“A lot of suburban legislators are going to have doubt,” Marquart said. “’Is that the right investment to make?’ I’m going to be honest, that is a fair question.”

If the final levies next month show increases, Marquart said, the news will “send a very clear message and determine the future of Local Government Aid.”

“The state of Minnesota is watching,” Marquart warned.

Democrats “came through” for local governments, said Larry Jacobs from the University of Minnesota’s Humphrey School of Public Affairs, “and the taxes still go up. I think this was an overreach on the part of local governments. I think they might have lost an ally in the Capitol.”

Most importantly for local governments, Jacobs added, “this could be an end to what had been a pretty nice gravy train.”

 

—-

 

New money the governor and Legislature approved sending to local Minnesota governments next year:

– $140 million in homestead credit refunds and renters’ credits, which goes directly to Minnesotans

– $129 million in sales tax exemptions for cities and counties (a figure cities and counties say actually will be half that size)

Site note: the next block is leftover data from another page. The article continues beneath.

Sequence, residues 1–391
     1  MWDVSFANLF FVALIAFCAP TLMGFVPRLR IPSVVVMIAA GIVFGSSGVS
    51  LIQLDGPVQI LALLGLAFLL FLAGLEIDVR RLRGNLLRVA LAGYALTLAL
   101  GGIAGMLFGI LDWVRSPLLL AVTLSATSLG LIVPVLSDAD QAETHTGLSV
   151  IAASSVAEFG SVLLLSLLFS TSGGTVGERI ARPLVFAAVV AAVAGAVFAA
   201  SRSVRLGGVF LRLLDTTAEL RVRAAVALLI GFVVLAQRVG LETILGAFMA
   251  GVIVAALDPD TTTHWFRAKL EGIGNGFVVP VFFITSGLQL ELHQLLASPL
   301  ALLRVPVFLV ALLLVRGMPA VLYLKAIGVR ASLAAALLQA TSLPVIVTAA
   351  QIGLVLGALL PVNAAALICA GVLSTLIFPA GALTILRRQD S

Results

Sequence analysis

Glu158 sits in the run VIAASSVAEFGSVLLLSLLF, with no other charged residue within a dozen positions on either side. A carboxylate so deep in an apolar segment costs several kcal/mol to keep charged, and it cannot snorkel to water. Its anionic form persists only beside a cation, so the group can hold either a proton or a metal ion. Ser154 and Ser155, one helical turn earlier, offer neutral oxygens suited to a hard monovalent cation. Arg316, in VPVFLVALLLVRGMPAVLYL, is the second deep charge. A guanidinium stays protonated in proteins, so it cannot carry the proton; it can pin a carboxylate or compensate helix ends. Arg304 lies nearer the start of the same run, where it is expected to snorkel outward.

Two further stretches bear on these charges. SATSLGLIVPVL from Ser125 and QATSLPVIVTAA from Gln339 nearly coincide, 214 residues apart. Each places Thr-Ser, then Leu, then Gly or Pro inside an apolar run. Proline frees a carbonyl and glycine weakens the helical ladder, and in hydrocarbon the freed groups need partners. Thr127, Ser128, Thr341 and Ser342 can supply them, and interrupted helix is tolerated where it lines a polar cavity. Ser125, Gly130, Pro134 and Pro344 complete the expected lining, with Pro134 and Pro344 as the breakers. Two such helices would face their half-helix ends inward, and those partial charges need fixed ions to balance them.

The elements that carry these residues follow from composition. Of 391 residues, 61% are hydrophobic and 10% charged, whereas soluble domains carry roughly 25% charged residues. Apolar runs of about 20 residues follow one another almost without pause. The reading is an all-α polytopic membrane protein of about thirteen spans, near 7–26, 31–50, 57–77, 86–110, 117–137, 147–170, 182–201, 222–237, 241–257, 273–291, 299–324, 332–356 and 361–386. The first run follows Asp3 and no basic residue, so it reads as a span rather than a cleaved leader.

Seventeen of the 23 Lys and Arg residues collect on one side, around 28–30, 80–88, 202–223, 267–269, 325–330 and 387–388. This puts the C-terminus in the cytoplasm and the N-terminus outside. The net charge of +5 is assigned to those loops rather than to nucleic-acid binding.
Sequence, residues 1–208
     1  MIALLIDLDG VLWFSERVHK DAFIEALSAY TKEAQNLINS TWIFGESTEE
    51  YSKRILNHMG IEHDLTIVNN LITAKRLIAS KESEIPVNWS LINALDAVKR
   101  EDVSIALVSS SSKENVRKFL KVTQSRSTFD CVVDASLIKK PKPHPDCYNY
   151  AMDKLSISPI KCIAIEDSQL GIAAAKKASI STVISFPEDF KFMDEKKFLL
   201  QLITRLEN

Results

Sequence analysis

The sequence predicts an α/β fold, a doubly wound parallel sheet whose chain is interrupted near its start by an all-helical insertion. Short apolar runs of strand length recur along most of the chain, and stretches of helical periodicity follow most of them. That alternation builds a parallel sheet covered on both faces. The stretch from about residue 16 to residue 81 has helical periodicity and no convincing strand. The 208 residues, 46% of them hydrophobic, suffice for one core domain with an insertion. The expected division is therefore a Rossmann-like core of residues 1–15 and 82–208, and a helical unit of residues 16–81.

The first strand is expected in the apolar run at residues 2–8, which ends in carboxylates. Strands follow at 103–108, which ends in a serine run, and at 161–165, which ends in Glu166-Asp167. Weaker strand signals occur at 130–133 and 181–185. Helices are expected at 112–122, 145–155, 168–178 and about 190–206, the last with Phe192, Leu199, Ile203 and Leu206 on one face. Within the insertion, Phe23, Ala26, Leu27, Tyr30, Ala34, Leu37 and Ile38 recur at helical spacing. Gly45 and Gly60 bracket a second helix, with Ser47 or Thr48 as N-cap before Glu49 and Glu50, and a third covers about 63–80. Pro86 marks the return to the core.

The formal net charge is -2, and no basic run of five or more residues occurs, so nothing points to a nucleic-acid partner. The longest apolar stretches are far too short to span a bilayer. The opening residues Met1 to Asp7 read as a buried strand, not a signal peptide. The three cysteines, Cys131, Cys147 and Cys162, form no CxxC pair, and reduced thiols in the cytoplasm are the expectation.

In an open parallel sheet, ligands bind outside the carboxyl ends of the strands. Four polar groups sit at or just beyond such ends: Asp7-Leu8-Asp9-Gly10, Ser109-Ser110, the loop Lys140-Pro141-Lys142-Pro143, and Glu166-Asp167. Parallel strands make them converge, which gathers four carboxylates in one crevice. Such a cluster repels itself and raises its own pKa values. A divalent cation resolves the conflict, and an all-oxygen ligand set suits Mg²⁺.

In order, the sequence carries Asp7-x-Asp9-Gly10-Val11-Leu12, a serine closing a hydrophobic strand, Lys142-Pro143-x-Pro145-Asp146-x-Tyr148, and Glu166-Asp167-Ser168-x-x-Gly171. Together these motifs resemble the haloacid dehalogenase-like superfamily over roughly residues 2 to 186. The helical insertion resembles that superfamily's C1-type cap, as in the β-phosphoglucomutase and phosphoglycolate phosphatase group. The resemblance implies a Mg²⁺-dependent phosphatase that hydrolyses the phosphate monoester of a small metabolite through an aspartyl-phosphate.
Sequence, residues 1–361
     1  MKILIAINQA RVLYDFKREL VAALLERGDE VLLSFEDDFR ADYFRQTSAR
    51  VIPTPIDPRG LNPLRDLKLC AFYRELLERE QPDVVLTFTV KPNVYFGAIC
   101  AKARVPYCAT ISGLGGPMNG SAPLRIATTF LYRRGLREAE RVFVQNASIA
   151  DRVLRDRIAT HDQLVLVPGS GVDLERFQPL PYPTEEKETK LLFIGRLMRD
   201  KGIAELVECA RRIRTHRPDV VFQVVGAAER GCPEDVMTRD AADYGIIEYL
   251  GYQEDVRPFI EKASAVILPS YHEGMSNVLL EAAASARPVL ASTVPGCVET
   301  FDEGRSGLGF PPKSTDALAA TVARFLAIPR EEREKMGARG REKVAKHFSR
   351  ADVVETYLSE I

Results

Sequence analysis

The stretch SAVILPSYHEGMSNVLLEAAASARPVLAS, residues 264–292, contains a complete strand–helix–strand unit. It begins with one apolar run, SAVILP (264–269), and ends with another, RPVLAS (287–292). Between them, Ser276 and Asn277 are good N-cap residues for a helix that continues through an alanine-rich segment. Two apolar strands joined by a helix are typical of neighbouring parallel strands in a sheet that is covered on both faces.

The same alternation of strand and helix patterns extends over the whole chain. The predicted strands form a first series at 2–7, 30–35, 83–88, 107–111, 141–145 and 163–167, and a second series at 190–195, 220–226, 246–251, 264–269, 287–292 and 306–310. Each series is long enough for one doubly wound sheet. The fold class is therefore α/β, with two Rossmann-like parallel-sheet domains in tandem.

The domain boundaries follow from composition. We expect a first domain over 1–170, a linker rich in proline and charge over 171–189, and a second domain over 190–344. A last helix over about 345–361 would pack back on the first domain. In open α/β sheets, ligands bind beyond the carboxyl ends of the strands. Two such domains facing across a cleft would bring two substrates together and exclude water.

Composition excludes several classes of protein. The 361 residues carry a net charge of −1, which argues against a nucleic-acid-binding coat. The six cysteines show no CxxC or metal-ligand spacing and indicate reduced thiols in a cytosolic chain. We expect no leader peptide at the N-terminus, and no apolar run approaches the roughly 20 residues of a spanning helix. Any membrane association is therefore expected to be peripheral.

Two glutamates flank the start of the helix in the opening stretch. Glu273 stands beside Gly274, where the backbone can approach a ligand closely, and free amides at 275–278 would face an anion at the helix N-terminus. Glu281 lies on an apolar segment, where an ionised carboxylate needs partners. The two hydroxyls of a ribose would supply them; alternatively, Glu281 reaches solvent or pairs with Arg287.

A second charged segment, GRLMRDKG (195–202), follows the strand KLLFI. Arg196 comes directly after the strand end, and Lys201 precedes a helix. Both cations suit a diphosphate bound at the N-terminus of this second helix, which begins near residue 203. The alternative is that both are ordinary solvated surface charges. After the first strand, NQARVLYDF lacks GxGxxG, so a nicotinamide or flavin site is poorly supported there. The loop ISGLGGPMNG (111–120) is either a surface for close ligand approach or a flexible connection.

– $80 million increase in Local Government Aid, raising the total to $507 million in 2014

– $40 million increase County Program Aid, raising the total to $105 million next year

– $10 million in township aid, a new program

—-

Property taxes, mostly levied by local governments, increased from $4.4 billion in 2002 to $8.3 billion this year.

Issues Sjodin case raised need answers a decade later

Magnuson

By Don Davis

Dru Sjodin’s kidnapping from a Grand Forks, N.D., shopping mall 10 years ago this week began a discussion about what Minnesota should do with sex offenders, a discussion nearing a time for decisions.

The question is whether those decisions will be made by state officials or by a federal judge who in following the federal Constitution may not do what Minnesotans would prefer.

At issue is a Minnesota law, similar to one in a few other states, that allows a state judge to commit a sex offender who has served his prison sentence to a jail-like treatment center until he graduates from the program.